Gilmer’s take: FACT. Yes, Georgia will land a five-star in this class.
Georgia has a legitimate shot with Samuel M’Pemba, Nyckoles Harbor, TJ Shanahan, Samson Okunlola and Hykeem Williams. I don’t see them coming up empty with all of them.
I wouldn’t count Georgia out with Cormani McClain. Simply put, Georgia will land at least one five-star in the 2023 class.
3. It's too early to hit the panic button on Auburn's 2023 class.
Wright’s take: FACT. Putting everything into perspective, Auburn’s class is currently ranked 13th out of the 14 SEC teams just above Missouri. During the Gus Malzahn era, Auburn was a perennial top-15 team with the occasional appearance in the top 10. The Tigers' 2022 class rallied to finish No. 18 in the Rivals.com Team Recruiting Rankings. Where might this class end up?
Time is on Auburn’s side, as is the fact that there are nine uncommitted four-stars in the state of Alabama. Another positive, of the Tigers' four commits each is a four-star prospect. With a solid foundation set, Auburn can make up ground in a hurry. Yet, Auburn fans want SEC and national championships, not settling for nine-win seasons. To compete against the best the SEC has to offer, elite recruits are needed and a lot of them.
Many SEC teams have been off to slower than usual starts, and that includes the Tigers’ in-state rival and Texas A&M. But in June and July, Alabama, LSU, Tennessee and even Arkansas made waves landing their targets. Most college teams are now pushing to have their classes wrapped up before preseason practices begin in August; many of the currently available may no longer be on the open market.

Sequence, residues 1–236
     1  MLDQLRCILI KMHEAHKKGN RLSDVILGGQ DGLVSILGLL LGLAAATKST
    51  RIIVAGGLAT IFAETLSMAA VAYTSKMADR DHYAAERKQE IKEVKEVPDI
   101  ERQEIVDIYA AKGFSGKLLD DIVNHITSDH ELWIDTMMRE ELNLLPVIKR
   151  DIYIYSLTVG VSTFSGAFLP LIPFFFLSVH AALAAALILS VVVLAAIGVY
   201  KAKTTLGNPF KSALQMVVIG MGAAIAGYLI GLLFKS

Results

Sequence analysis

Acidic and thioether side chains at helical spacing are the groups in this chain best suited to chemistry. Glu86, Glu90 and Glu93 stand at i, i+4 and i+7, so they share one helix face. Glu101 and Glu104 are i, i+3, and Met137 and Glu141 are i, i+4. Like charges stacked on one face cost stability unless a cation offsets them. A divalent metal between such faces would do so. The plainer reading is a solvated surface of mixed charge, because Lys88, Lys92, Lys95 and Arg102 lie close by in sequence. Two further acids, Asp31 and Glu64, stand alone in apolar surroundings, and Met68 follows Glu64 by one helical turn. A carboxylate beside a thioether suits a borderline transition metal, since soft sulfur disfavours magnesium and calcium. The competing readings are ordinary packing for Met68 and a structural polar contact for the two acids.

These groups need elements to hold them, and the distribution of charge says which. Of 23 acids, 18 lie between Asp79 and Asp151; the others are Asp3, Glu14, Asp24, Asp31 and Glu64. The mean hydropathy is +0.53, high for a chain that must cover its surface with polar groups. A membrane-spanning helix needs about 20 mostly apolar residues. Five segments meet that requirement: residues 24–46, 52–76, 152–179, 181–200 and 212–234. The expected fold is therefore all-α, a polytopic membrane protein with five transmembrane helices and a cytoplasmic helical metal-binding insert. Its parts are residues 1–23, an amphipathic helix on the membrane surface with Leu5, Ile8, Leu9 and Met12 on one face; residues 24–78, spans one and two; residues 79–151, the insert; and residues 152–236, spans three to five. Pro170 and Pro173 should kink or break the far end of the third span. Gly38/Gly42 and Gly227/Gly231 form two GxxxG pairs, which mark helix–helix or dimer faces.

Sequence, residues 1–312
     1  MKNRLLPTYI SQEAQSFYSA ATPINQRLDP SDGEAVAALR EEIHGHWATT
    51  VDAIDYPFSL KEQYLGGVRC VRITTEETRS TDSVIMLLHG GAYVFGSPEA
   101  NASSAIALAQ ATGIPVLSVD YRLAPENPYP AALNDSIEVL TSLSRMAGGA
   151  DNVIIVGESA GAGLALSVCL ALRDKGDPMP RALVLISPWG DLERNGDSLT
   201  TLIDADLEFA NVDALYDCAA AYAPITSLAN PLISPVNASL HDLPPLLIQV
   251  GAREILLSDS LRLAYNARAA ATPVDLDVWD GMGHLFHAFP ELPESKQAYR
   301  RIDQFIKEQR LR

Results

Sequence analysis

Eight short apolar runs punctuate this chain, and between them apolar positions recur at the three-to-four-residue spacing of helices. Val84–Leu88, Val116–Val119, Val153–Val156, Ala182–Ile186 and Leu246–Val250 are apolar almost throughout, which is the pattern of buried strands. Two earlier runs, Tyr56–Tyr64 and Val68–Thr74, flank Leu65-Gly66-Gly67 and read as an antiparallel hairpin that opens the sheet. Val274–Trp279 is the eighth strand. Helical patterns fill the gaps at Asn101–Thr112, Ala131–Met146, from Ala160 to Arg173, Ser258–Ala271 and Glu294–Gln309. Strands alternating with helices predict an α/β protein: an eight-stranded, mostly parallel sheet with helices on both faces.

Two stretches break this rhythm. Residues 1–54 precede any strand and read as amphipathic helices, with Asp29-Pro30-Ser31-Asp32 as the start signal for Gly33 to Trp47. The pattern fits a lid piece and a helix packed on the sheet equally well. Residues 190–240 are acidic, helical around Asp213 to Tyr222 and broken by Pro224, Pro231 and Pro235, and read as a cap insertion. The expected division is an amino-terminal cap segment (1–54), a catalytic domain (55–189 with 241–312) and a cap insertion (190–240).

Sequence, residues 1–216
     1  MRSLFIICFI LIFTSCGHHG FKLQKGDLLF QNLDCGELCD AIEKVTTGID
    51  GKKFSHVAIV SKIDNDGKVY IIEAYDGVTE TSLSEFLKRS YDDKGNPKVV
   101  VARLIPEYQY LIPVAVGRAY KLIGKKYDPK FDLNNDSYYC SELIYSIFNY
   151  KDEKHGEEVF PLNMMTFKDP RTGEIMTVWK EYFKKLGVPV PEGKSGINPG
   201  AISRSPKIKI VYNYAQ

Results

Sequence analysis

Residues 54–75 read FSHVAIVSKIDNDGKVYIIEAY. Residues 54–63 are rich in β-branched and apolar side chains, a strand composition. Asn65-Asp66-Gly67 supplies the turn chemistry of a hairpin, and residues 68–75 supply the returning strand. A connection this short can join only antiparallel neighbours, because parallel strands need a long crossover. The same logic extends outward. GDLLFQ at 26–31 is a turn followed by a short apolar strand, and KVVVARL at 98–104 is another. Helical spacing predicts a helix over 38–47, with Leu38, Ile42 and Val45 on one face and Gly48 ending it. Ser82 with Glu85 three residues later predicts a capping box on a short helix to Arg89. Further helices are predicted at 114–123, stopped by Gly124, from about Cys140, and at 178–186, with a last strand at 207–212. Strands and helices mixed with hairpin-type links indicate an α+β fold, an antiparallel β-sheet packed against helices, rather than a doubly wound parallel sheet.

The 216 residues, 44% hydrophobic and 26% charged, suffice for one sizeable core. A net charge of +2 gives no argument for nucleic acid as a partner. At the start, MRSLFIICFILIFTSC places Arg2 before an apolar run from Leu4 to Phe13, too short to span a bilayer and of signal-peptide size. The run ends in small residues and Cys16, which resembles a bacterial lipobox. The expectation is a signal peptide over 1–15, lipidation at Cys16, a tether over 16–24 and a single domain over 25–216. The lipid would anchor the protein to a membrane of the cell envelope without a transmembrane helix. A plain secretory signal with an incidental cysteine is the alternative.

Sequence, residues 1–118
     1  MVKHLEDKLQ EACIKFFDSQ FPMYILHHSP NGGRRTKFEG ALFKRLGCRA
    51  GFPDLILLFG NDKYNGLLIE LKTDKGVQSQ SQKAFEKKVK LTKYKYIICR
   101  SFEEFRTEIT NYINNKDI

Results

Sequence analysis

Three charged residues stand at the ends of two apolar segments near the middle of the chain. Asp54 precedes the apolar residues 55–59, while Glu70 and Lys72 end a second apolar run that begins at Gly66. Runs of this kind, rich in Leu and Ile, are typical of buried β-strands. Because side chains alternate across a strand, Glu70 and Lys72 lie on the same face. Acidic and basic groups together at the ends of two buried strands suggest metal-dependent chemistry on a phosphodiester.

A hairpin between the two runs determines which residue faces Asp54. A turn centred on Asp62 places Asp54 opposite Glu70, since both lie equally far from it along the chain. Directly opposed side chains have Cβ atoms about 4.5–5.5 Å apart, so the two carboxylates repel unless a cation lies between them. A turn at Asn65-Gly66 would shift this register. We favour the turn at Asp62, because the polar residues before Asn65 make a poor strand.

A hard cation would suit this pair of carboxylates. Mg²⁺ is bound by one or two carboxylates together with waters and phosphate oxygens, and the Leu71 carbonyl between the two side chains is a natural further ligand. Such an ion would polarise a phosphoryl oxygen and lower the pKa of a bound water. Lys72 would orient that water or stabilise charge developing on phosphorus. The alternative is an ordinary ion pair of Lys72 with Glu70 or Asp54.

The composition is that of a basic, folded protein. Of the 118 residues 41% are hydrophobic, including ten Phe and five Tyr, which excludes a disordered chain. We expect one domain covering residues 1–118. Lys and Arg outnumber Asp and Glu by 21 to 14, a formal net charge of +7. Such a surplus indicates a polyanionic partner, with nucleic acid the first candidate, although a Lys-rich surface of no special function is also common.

I’m hitting the panic button for Auburn with belief that the staff can close strong in July. Even with the vast majority of players committing before the 2022 season kicks off, there will still be talented players available heading toward the Early Signing Period. But targeting that group to fill in the class will mean they missed out on those higher on their board signaling big misses early in the process.
Tate’s take: FICTION. Auburn’s 2023 recruiting has been a mixed bag so far. The Tigers only have four commits so far, though two of them (safety Terrance Love and wideout Karmello English) were the team’s top overall targets at those positions. To put it diplomatically, Bryan Harsin has started his second recruiting class well.
The problem is that most SEC teams are farther along, which means the Tigers may find themselves picking through the big dogs’ leftovers if they don’t strike soon.
This program is in the midst of a pretty serious overhaul to its recruiting paradigm. Harsin and his staff were cavalier toward recruiting last summer and failed — quite spectacularly — at getting high-quality recruits on campus during the June window. A furious rally in December helped salvage the 2022 class, but the Tigers were conspicuously shut out during the February window. A big reason for that whiff was a lack of relationships that should have been established during the summer.
This year? Much different. Auburn has worked diligently to get its top targets on campus and was generally successful to that end. A number of top-tier targets — most notably defensive end Rueben Cain, defensive end Qua Russaw, defensive tackle James Smith, quarterback Brock Glenn, tight end Jelani Thurman — made official visits last month. Those relationships have been forged. Will that time spent in June make a difference come December and/or February? The answer probably has more to do with the Tigers’ season on the field than anything else. At least a proper foundation has been built.
Is it time to hit the panic button? I’d say no, but four commits is not enough. They need to at least double that number by the time their Big Cat Weekend ends on July 31. It’s time to pick up the pace.